Tuesday, January 10, 2017

Crisis 2008 not about real toxic derivatives but rather spooked markets

"We examine the payoff performance, up to the end of 2013, of non-agency residential mortgage-backed securities (RMBS), issued up to 2008. For our analysis, we have created a new and detailed data set on the universe of non-agency residential mortgage backed securities, per carefully assembling source data from Bloomberg and other sources. We compare these payoffs to their ex-ante ratings as well as other characteristics. We establish five facts. First, the bulk of these securities was rated AAA. Second, AAA securities did ok: on average, their total cumulated losses up to 2013 are under six percent. Third, the subprime AAA-rated RMBS did particularly well. Fourth, the bulk of the losses were concentrated on a small share of all securities. Fifth, later vintages did worse than earlier vintages. Together, these facts call into question the conventional narrative, that improper ratings of RMBS were a major factor in the financial crisis of 2008."
 

Monday, January 9, 2017

maximum employment, stable prices and moderate long-term interest rates.

The CB troika
Maximum stable  moderate
Each has one noun attached to it in the " law " governing the FED

However ...

Fed boards see to it
These modifiers are  all in the wrong places

But we can re scramble the three  around and get closer

Maximum employment ?

means employment rates consistent with moderate wage rate change

Stable prices ?

means  moderate and stable product price inflation

Moderate long term interest rates ?

That's a stumper

Long rate goals are not moderate steady or maximum

They're instrumental

NBER quality punditation "In an interconnected world, national economic policies regularly lead to large international spillover effects, which frequently trigger calls for international policy cooperation. However, the premise of successful cooperation is that there is a Pareto inefficiency, i.e. if there is scope to make some nations better off without hurting others. This paper presents a first welfare theorem for open economies that defines an efficient benchmark and spells out the conditions that need to be violated to generate inefficiency and scope for cooperation. These are: (i) policymakers act competitively in the international market, (ii) policymakers have sufficient external policy instruments and (iii) international markets are free of imperfections. Our theorem holds even if each economy suffers from a wide range of domestic market imperfections and targeting problems. We provide examples of current account intervention, monetary policy, fiscal policy, macroprudential policy/capital controls, and exchange rate management and show that the resulting spillovers are consistent with Pareto efficiency, but only if the three conditions are satisfied. Furthermore, we develop general guidelines for how policy cooperation can improve welfare when the conditions are violated."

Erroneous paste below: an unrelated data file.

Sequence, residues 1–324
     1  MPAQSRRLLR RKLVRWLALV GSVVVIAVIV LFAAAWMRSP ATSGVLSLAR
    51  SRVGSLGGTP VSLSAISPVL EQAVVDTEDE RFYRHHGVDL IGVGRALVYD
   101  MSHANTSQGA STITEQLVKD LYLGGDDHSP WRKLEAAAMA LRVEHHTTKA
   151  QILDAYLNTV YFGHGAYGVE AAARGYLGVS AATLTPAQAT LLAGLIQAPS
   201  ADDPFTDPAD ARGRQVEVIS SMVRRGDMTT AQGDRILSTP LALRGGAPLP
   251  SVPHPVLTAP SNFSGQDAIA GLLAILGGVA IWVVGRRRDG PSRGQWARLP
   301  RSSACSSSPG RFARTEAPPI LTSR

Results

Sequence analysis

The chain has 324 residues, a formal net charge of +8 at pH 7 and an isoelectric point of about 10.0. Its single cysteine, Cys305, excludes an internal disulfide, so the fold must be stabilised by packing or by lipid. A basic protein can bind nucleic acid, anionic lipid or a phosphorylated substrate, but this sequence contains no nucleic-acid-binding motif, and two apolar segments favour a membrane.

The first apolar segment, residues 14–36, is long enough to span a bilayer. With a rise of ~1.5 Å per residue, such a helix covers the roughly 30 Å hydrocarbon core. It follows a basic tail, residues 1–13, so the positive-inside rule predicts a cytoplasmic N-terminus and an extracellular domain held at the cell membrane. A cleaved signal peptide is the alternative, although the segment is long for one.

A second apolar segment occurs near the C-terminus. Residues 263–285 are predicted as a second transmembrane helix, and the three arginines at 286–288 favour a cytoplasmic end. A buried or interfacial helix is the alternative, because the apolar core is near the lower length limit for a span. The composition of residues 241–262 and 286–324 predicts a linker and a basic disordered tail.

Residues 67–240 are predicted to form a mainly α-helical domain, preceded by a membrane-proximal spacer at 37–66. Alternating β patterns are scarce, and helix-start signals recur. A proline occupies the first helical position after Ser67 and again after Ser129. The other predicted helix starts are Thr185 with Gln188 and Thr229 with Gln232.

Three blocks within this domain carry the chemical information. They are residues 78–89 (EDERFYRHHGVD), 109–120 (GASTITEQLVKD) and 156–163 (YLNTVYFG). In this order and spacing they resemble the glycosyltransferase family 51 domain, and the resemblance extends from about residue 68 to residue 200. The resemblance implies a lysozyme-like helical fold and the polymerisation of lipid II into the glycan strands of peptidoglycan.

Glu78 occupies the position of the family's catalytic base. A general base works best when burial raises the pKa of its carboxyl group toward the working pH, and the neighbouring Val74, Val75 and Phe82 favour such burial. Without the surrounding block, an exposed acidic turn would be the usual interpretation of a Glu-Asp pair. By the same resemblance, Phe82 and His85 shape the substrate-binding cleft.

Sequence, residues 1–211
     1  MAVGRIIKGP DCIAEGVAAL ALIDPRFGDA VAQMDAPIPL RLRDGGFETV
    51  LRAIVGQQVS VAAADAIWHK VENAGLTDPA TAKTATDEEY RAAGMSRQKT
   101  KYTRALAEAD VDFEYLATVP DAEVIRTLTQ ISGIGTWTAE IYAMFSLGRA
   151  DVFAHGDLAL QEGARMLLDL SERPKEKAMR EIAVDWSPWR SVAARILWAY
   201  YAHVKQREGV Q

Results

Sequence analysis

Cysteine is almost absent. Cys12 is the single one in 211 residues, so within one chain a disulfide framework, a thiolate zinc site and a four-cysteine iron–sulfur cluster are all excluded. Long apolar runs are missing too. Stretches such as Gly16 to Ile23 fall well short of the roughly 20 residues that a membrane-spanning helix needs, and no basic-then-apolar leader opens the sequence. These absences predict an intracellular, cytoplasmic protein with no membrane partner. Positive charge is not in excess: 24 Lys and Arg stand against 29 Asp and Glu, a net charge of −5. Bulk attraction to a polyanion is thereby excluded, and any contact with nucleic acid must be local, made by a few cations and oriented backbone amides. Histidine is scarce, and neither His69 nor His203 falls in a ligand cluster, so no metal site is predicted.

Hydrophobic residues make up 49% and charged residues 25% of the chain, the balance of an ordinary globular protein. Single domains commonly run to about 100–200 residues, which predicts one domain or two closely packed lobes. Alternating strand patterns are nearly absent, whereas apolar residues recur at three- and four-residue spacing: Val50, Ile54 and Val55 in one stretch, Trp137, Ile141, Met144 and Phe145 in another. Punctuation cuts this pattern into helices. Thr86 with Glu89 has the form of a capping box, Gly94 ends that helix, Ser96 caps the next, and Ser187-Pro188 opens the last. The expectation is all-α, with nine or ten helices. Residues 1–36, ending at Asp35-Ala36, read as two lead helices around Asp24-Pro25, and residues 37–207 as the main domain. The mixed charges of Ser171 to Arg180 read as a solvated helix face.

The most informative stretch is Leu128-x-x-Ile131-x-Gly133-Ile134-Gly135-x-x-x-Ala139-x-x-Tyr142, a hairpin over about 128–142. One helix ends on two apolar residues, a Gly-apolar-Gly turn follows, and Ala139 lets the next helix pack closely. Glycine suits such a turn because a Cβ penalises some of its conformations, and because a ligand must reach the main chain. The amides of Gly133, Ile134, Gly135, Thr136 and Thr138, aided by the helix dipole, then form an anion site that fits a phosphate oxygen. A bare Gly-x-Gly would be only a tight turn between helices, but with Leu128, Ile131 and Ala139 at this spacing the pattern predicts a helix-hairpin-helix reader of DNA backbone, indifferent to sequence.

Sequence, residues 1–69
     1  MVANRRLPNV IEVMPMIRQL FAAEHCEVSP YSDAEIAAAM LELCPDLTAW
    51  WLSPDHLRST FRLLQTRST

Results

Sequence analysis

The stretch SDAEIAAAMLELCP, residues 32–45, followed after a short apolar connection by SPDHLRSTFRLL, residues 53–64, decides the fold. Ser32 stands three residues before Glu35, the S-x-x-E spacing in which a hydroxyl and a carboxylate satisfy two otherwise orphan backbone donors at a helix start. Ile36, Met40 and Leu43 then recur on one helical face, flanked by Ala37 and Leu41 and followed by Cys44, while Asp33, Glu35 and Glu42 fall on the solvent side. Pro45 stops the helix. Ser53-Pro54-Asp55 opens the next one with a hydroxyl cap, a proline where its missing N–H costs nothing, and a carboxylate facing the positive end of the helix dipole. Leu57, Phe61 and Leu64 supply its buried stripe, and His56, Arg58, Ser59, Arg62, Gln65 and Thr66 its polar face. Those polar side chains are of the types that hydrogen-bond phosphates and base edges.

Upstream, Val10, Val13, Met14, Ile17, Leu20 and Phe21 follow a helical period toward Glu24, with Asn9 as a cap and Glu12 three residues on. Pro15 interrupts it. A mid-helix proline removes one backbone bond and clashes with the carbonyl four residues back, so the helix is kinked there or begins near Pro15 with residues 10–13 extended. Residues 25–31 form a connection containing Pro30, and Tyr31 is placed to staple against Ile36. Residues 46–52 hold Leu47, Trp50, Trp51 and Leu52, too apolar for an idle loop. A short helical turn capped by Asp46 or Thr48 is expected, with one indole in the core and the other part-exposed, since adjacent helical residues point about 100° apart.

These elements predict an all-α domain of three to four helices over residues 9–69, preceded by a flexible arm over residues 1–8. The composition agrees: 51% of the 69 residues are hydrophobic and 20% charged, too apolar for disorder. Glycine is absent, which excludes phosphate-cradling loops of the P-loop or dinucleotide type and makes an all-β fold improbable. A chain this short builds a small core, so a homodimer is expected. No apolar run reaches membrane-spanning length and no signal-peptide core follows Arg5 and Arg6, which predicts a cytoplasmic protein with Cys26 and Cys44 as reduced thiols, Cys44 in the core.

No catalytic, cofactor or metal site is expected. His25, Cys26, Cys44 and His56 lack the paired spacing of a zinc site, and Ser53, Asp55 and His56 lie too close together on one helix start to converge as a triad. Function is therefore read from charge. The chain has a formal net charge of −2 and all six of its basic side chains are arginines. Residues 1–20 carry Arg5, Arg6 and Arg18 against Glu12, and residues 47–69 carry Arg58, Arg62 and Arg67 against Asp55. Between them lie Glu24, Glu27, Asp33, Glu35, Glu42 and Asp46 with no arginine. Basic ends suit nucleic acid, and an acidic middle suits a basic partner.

None of these conditions are met most of the time !


i) policymakers act competitively in the international market



 (ii) policymakers have sufficient external policy instruments 



 (iii) international markets are free of imperfections.

A know it all: "declining job market ‘dynamism’ is not driven by restrictions on labor supply like occupational licensing, but rather by slack labor demand—the classic symptom of monopsony power."

Saturday, January 7, 2017

Hicks poison from PK

"Now, suppose you’re considering the effects of policies that will, other things equal, raise or lower aggregate demand — that is, shift the IS curve. In normal circumstances, where the IS curve intersects an upward-sloping LM, such shifts have limited effects on output and employment, because they’re offset by changes in interest rates: fiscal expansion leads to crowding out, austerity to crowding in, and multipliers are low."

Note austerity leads to ....crowding in ! 

Shades of early Billy C -benson -  booby Rubin  bilge  


Vickrey fanatics must crush this absurd hicks interest rate school of normal wates macro navigation 

We've known since Kalecki 
interest rates are the bunk as aggregate demand managers 

The past 2 US dollar Forex surges hurt industrial Trade ..hurt low ed union wage workers

Money line

"workers with low education levels, but high wages, tend to do very badly during these periods of RER shocks." 




"With the recent strength in the dollar, and the coming Trump fiscal stimulus and possible border tax adjustment, there is heightened interest in understanding what the consequences of RER movements will be for the manufacturing sectors and its workers (see here). In a past column, Campbell told the story of how, in the late 1990s, the rising value of the US dollar and the rise of China created a “perfect storm” of shocks to hit the US manufacturing sector. Sectors which were more exposed to these shocks suffered declines in output, employment, productivity, and investment. The magnitude of the shock was large enough to explain at least a large share of the “surprisingly sudden” collapse in US manufacturing employment in the early 2000s, in support of the Bernanke hypothesis on the origins of “secular stagnation”. In addition, the losses from a temporary overvaluation appear to be highly persistent, evidence for what economists call “hysteresis”.